The story of Halley's Comet has its beginnings in the late seventeenth century, at about the same time Isaac Newton was applying his ideas about gravity to astronomical bodies. Edmund Halley, the first to publish a telescopic atlas of the southern skies ( Catalogus Stellarum Australium ) had returned to England. Halley had always been interested in comets, and after the apparition of the great comet of 1682, decided to try and fit its path in the sky to a parabolic orbit, as he had obtained postions for this comet with great care.

During the same time, Halley had published a catalog of cometary orbits for 24 other well-observed comet apparations entitled Synopsis Astronomie Cometicae. He was excited to find that instead of parabolic orbits, he was able to identify some elliptical ones. In particular, he
found the Great Comet of 1682 to be moving in an elliptical path of high eccentricity and only a little inclination to the ecliptic.

Checking through the orbital characteristics of other comets on his list, he was struck by the similarity of the 1682 comet with comets which had appeared in 1531 and 1607. Halley was able to explain the difference in intervals on the gravitational attractions of Jupiter and Saturn on the comet. As a consequence, he was able to calculate that the same comet would reappear in 1758. Unfortunately, Halley died in 1742. When his Astronomical Tables was reproduced in 1749, it contained Halley’s statement that the comet would reappear in 1758.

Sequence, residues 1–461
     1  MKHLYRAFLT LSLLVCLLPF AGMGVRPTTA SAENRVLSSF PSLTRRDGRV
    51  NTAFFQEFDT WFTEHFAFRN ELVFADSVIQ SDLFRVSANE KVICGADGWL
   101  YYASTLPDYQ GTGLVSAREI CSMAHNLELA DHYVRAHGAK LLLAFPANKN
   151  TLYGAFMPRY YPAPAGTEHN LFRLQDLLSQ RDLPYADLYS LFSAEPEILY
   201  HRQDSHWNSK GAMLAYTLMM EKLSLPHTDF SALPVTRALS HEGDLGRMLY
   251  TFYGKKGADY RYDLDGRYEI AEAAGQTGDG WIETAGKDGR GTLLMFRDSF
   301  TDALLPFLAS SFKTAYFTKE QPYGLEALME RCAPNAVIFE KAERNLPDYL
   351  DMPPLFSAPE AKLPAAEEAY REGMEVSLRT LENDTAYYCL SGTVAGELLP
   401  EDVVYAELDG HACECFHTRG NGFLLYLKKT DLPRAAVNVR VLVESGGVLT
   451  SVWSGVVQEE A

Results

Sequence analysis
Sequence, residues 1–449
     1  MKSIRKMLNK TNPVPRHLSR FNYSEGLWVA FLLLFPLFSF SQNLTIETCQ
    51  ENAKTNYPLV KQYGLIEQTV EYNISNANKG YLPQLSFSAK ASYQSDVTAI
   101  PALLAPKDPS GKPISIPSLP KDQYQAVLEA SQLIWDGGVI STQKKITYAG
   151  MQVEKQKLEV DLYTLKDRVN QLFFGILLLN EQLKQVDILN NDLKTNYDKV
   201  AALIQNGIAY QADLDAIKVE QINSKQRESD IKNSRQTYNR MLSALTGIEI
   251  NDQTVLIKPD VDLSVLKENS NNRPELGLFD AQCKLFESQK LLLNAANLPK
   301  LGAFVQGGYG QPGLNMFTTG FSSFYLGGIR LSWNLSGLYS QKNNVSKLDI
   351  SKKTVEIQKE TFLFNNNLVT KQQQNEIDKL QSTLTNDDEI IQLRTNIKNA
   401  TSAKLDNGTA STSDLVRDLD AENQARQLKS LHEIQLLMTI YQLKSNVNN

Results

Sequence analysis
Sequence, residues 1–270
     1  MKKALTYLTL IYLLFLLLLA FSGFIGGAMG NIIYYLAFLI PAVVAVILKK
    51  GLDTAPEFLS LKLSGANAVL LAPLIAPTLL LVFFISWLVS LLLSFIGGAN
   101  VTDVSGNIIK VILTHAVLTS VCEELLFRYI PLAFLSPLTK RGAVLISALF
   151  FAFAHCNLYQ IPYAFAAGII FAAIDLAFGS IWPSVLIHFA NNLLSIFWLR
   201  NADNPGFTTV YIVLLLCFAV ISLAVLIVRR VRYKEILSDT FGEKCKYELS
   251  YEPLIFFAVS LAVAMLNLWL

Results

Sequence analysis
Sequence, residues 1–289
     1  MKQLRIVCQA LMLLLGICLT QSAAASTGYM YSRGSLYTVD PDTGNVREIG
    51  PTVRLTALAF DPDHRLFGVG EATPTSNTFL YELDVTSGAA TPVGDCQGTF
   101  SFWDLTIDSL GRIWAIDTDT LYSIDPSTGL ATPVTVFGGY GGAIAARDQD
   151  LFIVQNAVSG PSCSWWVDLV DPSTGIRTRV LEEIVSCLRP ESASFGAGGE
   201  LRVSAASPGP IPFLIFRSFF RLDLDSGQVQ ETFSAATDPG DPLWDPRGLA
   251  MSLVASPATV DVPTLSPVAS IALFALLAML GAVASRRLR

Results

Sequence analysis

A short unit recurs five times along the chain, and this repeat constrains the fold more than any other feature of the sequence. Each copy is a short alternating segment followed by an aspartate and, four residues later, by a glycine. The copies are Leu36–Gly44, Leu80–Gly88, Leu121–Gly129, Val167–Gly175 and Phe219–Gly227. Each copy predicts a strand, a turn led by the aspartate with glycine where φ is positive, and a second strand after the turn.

The great French comet hunter, Messier, began searching for it in the middle of 1758. The actual recovery went to a self-taught amateur astronomer, a Saxon peasant-farmer called Palitzsch, who with his home-made 7-foot reflecting telescope observed it on Christmas day, 1758.

The comet was due again in 1835, which was in fact a very suitable passage. In October of that year, the tail grew to 30° in length. The 1910 apparition of Halley's Comet was less spectacular, with a maximum brightness of 2nd magnitude. Contrast this with the passage of Comet IRAS-Araki-Alcock, which reached a brightness of 1st magnitude. Halley’s Comet is expected to reach 5th or 6th magnitude in 1986, a far cry from earlier visits.

Apart from these descriptions of Halley’s Comet, probably the most reliable record of a truly spectacular comet came as the Great Comet of 1264, which displayed a tail of more than 100° in length. Observers reported that when the comet’s head was just above the eastern horizon, the tail stretched westward past the zenith. It remained visible to the naked eye for over 4 months and was widely observed in China and Europe. Remarkably, both sets of observations agree quite closely, apart from the semi-hysterical overtones in European accounts.